“Our new government is founded upon exactly the opposite idea; its foundations are laid, its corner- stone rests, upon the great truth that the negro is not equal to the white man; that slavery-subordination to the superior race-is his natural and normal condition. This, our new government, is the first, in the history of the world, based upon this great physical, philosophical, and moral truth. . . .”
And, should there be any further doubt, Article VIII of the Constitution of the Confederate States of America establishes its own brand of the Bill of Rights: “No bill of attainder, ex post facto law, or law denying or impairing the right of property in negro slaves shall be passed.”
So now let us freely acknowledge the words of an architect of the Confederacy; its basic tenet was the alleged inferiority of the “negro”. Let us no longer assert the moral superiority of the South, its nobility and the greatness of its cause.
Florida is now asked to honor the Confederate Battle Flag, notwithstanding it is a very symbol of oppression to a substantial portion of its citizens, both African-American and Caucasian.
The SCV has been successful in having a number of states issue specialty license plates bearing the Confederate Battle flag: North and South Carolina, Maryland, Mississippi, Alabama, Virginia, Tennessee, Georgia and Louisiana. There have been a handful of challenges through the Courts in some states, but the opinion of a North Carolina court is the prevalent view:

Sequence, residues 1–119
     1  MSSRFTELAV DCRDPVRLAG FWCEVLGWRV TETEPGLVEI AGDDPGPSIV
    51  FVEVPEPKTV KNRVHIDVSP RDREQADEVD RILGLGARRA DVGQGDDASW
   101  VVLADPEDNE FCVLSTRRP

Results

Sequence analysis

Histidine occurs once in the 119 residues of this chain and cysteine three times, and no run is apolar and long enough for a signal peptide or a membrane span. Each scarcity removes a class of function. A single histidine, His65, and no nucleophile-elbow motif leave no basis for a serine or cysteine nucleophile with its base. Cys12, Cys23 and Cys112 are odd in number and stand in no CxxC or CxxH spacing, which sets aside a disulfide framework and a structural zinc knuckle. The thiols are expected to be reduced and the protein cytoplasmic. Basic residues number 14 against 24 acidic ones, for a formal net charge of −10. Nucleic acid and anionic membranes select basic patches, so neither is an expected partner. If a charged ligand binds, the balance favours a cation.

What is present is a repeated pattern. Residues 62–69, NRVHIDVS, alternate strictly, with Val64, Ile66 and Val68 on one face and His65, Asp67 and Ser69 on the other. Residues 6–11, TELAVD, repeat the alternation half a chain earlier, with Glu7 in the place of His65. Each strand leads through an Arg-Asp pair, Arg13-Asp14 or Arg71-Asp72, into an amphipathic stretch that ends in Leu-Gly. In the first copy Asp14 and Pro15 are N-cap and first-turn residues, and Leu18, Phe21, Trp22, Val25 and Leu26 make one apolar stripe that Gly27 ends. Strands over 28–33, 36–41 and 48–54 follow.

“SCV’s emblem strikingly resembles the Confederate flag. We are aware of the sensitivity of many of our citizens to the display of the Confederate flag. Whether the display of the Confederate flag on state-issued license plates represents sound public policy is not an issue presented to this Court in this case. That is an issue for our General Assembly.”
So it will be up to the Florida Legislature to agree or disagree as to the issuance of a specialty license plate that honors a part of our history that, perhaps, should not be glamorized and held up as an example of all that is right with our nation.
One state senator, Arthenia Joyner, of Tampa, stated that the Legislature is “too sophisticated” to permit such a specialty tag. “I don’t think they’d fall into the trap of passing legislation that raises the spectre of racism,” she said. “It’s a very sensitive issue in this state and this country. It’s very polarizing and we don’t need that today.”
One can only hope.